Disappointing end of 2012, sets economy up for second consecutive weak year - Macleans.ca

Disappointing end of 2012, sets economy up for second consecutive weak year


OTTAWA – The Canadian economy suffered through its second consecutive below-par quarter at the end of 2012, setting the stage for another year of disappointing growth and job creation in 2013.

Statistics Canada reported Friday that the economy squeezed out a mere 0.6 per cent advance in the last three months of last year — following a 0.7 per cent increase in the third quarter — and was on a downward path in the final month, when output retreated by 0.2 per cent.

The sickly production numbers were in line with economist expectations, but that is only because analysts had been hurriedly batting down their forecasts in the weeks before the report.

In reality, the final tally is still about half what the Bank of Canada had predicted in January, and about one-quarter what it had said was likely in October.

Still, economists cautioned the results could have been worse, and in fact expressed relief that most of the weakness in the fourth quarter was due to a $10.3-billion inventory write-down, rather than from a consumption collapse.

“Obviously the headline is pretty sour, but the details aren’t terrible,” said Doug Porter, deputy chief economist with BMO Capital Markets.

“There are actually are some slivers of good news. Things like consumer spending and business investment and even net exports were a little bit better than expected. It suggests the economy is still grinding ahead slowly but surely.”

The markets also saw it that way. The Canadian dollar was down initially on the news but quickly recovered and was modestly up to 97.01 cents US by mid-morning.

For 2012 overall, growth in Canada came in at 1.8 per cent, down from 2.6 per cent in 2011 and the weakest number since the end of the 2008-09 recession.

Many analysts now believe 2013 will be even weaker, at between one per cent and 1.5 per cent, assuming there is no major shock..

The StatsCan report drew calls from left-wing commentators for more government intervention, but that didn’t appear to sway Finance Minister Jim Flaherty.

“I think our results do reflect Canada’s solid economic and fiscal fundamentals, but they also reflect the uncertainty that we see abroad and weakness in the global recovery,” Flaherty said at a news conference Friday afternoon.

“What we can do in our country is, of course, control our own spending which is what we’re doing. We’re working hard on the budget.”

The budget, Flaherty added, won’t contain any new “risky spending schemes” and the government remains on track to balance the budget by 2015.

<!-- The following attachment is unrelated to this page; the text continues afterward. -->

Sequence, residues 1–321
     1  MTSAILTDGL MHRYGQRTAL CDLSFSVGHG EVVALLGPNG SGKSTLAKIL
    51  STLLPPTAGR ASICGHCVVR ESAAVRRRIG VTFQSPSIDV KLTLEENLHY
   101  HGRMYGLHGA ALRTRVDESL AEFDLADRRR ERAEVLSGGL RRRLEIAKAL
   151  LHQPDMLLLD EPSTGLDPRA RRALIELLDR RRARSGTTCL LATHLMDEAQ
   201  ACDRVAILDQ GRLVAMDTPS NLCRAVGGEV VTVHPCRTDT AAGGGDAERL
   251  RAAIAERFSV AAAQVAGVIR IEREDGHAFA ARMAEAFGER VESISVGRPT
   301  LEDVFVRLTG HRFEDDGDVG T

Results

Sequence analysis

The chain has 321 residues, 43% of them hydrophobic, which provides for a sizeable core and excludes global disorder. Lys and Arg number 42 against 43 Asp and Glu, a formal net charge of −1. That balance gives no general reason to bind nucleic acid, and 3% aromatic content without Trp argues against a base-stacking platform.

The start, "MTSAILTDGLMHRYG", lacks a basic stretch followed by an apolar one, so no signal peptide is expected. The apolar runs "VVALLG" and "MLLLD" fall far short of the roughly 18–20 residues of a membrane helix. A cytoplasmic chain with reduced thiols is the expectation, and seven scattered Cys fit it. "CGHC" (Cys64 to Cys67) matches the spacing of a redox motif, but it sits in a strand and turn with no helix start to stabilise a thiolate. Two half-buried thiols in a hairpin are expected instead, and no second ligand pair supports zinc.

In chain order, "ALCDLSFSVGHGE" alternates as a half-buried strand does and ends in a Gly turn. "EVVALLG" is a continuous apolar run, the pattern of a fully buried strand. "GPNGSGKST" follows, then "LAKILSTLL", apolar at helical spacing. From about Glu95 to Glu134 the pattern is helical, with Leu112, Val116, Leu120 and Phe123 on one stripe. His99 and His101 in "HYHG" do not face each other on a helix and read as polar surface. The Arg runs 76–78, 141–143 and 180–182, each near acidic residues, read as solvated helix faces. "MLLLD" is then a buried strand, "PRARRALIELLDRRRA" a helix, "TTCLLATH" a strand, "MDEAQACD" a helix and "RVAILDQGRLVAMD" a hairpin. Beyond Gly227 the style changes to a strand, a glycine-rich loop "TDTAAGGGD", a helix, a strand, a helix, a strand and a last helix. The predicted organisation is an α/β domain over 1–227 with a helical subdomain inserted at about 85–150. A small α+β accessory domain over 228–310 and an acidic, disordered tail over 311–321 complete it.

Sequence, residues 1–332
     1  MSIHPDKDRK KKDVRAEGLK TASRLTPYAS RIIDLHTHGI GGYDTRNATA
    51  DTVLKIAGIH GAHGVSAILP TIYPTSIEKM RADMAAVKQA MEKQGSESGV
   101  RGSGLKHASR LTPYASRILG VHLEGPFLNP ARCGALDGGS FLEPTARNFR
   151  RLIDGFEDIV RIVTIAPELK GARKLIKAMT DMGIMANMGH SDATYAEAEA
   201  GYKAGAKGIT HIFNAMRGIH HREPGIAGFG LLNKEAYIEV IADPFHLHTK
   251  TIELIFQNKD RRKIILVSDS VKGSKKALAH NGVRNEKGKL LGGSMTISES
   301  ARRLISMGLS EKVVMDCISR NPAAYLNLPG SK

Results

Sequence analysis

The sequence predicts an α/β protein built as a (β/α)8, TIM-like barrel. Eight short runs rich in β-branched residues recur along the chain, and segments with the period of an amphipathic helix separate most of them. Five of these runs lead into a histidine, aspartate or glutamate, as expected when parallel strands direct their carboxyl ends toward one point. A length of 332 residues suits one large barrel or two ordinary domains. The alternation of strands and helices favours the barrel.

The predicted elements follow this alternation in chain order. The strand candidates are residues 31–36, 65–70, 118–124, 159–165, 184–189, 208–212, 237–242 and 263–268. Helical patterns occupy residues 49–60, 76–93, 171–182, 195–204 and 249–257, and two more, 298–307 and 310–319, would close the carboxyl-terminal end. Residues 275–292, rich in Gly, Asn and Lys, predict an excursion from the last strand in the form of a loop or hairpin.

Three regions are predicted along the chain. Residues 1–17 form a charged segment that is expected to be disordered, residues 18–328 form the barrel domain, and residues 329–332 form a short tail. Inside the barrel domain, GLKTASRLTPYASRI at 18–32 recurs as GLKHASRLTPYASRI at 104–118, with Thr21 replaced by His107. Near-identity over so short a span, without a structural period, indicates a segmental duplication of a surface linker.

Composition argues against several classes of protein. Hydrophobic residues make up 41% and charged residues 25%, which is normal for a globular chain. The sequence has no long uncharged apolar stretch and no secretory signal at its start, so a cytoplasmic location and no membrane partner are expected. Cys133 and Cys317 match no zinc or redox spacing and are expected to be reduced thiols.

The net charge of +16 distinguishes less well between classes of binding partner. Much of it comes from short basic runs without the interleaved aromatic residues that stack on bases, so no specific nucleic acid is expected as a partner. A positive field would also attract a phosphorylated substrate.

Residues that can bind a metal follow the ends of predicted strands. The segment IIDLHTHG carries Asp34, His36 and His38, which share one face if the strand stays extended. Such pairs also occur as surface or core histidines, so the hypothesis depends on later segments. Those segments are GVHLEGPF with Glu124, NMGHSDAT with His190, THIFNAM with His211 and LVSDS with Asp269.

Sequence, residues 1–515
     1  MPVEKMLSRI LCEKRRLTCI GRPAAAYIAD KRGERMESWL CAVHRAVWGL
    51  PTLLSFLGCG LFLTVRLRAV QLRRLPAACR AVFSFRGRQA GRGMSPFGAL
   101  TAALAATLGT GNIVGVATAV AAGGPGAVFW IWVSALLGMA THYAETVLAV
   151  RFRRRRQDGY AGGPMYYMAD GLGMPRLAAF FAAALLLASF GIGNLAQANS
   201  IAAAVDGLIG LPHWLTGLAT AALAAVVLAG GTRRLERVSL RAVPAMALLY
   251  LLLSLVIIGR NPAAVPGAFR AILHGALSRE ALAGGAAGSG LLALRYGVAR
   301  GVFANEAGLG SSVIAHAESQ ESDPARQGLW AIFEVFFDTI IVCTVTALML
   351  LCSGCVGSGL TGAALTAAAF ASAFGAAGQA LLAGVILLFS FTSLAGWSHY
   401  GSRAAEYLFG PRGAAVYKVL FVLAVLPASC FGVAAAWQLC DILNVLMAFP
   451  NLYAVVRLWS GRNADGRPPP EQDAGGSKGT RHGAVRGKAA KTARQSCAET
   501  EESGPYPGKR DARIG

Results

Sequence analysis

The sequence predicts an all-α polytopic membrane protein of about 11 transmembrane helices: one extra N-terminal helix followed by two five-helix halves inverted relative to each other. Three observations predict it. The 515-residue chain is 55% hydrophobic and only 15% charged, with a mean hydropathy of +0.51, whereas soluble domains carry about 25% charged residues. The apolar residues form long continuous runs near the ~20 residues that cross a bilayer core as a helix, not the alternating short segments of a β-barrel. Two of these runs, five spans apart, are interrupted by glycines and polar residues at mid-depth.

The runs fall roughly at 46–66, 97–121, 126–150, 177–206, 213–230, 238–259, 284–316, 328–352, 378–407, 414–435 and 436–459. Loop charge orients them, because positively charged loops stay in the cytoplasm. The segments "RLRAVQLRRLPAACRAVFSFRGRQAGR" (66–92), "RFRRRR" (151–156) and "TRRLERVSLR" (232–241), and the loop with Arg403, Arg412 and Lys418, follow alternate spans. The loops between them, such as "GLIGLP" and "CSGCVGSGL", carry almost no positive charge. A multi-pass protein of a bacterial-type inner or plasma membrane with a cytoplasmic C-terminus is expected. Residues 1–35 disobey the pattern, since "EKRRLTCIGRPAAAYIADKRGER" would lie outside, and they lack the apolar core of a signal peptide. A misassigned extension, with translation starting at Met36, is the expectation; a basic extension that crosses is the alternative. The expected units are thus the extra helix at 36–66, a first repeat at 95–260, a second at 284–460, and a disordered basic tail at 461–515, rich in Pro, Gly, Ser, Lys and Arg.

Erin Weir of the Progressive Economics Forum said both federal and provincial governments should invest in public services and infrastructure rather than continuing to pursue austerity measures that crimp growth.

In the Commons, NDP whip Nicole Turmel called continuing spending cuts while the economy sinks a “recipe for disaster.”

Conservative MP Shelly Glover, the parliamentary secretary for Flaherty, boasted that Canada still had the strongest growth rate of any Group of Seven economy in the fourth quarter.

Porter said Flaherty should not add to the woes, however, by stepping up austerity beyond what has already been planned.

Even as it is, Ottawa is likely to have suffered a revenue drain in 2012, when all the numbers are in, and will also in 2013. In last year’s spring budget, Flaherty had penciled in inflation-included GDP growth of 4.6 per cent — he only got 3.1 per cent.

This year’s expectation of 4.4 per cent nominal growth is also now in jeopardy.

There is also some question as to what the Bank of Canada will do next week at its scheduled interest rate announcement. The central bank has softened its language on possible interest rate hikes in recent months, and many expect governor Mark Carney to become even more dovish next Wednesday, while keeping the trendsetting rate at one per cent.

The fourth-quarter weakness was mostly due to a steep write-down in inventories, likely caused by business wariness over the fiscal cliff negotiations in the United States, which weren’t settled until the final day of December.

Minus inventories, final sales advanced a strong 3.2 per cent during the quarter annualized, as gross exports rose by 1.2 per cent, consumption by 2.7 per cent, business investment by 2.9 per cent and government capital spending by 2.4 per cent.

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